Michigan Baseball Foundation now accepting grant applications

If you’ve noticed new fencing, dugouts at Little League fields, playground equipment and other local improvements, it’s likely that the Michigan Baseball Foundation (MBF) was behind the project. The MBF was established in 2006 to promote investment and vibrancy in Midland, while supporting local youth organizations across the Great Lakes Bay Region. 

Each year, the 501(c)(3) non-profit charity invites the community to apply for MBF grants. Other non-profit organizations based in mid-Michigan can fill out applications for help with funding capital projects. The decision to fund an organization's project is determined by one or more of the following guidelines: Must contribute to economic development regionally, serve young people, and promote sports, fitness and health. 2023 grant applications are available online now. The applications must be submitted by  Feb. 15.

Vice President & Secretary of the MBF and the Chair of MBF Grants Committee, Mike Hayes, says the grant program is just one reason why MBF is really special. 
Mike Hayes is Vice-President & Secretary of the Michigan Baseball Foundation.
“Michigan Baseball Foundation is the owner of the Dow Diamond, and one of our subunits is the Great Lakes Loons,” he says. “We’re one of the very unique structures in the United States in that our operation is owned and operated by a not-for-profit. Most minor and major league baseball are for-profit organizations.”

The grant program has made a huge impact visually on the region, with past grant recipients including field improvements, playground equipment, baseball backstop netting systems, basketball hoops, sports program improvements, scoreboards and concessions stands in Arenac, Bay, Midland, Ogemaw, Saginaw counties, and more.

“Primarily what we like to fund are youth-oriented if we can,” Hayes says. “We like to fund things that are lasting, that have a life to them. For example, playground equipment or dugouts for little league fields, maybe reworking of fencing, and things like that that have a good lifespan to them. I don’t think there’s a Little League operation within an hour's drive of Midland that we haven’t done something for.”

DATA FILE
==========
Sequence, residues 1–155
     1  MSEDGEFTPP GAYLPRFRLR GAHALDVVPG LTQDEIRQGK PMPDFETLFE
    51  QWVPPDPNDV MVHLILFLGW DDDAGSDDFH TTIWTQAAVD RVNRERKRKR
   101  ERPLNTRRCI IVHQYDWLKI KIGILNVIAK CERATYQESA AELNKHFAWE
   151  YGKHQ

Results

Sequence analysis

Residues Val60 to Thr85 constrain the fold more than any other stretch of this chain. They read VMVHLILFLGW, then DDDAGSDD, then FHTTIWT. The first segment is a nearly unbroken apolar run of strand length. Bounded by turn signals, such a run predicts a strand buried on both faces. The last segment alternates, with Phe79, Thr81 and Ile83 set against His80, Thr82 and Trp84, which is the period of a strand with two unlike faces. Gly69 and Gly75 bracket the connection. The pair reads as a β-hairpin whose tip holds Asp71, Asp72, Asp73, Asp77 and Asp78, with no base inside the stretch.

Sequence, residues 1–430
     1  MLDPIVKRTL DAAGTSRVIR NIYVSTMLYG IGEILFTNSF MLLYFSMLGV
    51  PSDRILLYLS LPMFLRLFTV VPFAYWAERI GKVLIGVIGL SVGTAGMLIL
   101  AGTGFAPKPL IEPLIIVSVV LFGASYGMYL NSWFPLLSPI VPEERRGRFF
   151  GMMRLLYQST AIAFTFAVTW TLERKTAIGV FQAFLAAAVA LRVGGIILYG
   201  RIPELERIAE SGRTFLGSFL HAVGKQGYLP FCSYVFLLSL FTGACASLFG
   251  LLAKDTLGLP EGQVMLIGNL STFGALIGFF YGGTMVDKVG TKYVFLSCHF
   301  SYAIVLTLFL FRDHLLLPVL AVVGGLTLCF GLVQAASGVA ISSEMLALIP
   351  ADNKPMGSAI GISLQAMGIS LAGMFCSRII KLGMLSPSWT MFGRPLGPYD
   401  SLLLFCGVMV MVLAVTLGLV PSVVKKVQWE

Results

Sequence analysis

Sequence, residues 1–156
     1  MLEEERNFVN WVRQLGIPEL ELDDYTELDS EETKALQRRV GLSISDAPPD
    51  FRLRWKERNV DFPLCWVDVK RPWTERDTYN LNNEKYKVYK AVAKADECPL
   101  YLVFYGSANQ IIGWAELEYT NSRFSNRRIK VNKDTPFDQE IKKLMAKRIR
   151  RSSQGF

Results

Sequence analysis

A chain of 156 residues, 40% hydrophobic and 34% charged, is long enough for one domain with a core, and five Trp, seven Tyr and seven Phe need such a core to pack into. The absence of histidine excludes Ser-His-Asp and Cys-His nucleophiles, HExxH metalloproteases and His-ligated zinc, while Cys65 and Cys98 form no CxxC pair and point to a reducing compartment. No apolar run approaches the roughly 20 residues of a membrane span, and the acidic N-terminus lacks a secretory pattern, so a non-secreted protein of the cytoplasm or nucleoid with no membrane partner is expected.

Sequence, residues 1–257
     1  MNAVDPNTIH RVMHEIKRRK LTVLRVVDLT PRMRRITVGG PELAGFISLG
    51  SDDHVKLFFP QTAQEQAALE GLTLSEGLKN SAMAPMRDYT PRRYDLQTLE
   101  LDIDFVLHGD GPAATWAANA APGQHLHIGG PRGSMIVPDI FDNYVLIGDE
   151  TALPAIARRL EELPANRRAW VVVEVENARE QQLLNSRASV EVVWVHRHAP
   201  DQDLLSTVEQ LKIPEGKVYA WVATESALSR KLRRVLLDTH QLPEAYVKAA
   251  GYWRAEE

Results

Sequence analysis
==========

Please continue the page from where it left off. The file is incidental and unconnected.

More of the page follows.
Hayes says the grants committee has a tried-and-true method for reviewing each application. “Every year when the grant applications come in, we try to award the grants based on a formula that we use that is driven by ticket sales of the Great Lakes Loons, by county,” he says. “You can see a distribution in our annual report; Midland, Saginaw, and Bay County are the three big areas where most of our tickets are purchased from.” We try to apportion it by the number of tickets sold per county. We work it as best as we can.”

MBF grant awarded to the YMCA Uptown Park court project in Bay City.
While not every project funded has a MBF identifier on it, Hayes says it’s important for the MBF to let people know about these non-profits and the work they’re doing together in the community. 

“We try to put a sign on what we do so people know that when they go to a Loons game, that the Michigan Baseball Foundation and Great Lakes Loons are putting money back into the community. Over the last 13-14 years, it’s been just short of $1.3 million.”

Not all grants are sports-related, as Hayes says, the organization “likes to spread the wealth.” Typically, grants range from $2,000 to $10,000 per organization, although in the past, MBF has also invested even more in the community. “

We have one major commitment we made a couple of years ago, The Miracle Field in Midland,” Hayes says. “We thought that was not only an important segment of our population that doesn’t have access to a sporting venue, and we thought it was more of an economic development project that we felt we could make a major contribution to in the central part of Midland. We put a $50,000 grant into that, but that was a one-time deal because we thought it was a really good investment of our resources to create a brand new venue, and it’s been phenomenal.”

Grant recipients will be notified by the end of March or beginning of April, according to Hayes. “We really like to have the organization appear at a Loons game during the season, and we do the oversized check presentation on the field as a way to encourage other people to apply for grants, and to give the organizations some recognition that they’re out there and they’re doing good things.”

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Sarah Spohn is a Lansing native, but every day finds a new interesting person, place, or thing in towns all over Michigan, leaving her truly smitten with the mitten. She received her degrees in journalism and professional communications and provides coverage for various publications locally, regionally, and nationally — writing stories on small businesses, arts and culture, dining, community, and anything Michigan-made. You can find her in a record shop, a local concert, or eating one too many desserts at a bakery. If by chance, she’s not at any of those places, you can contact her at sarahspohn.news@gmail.com.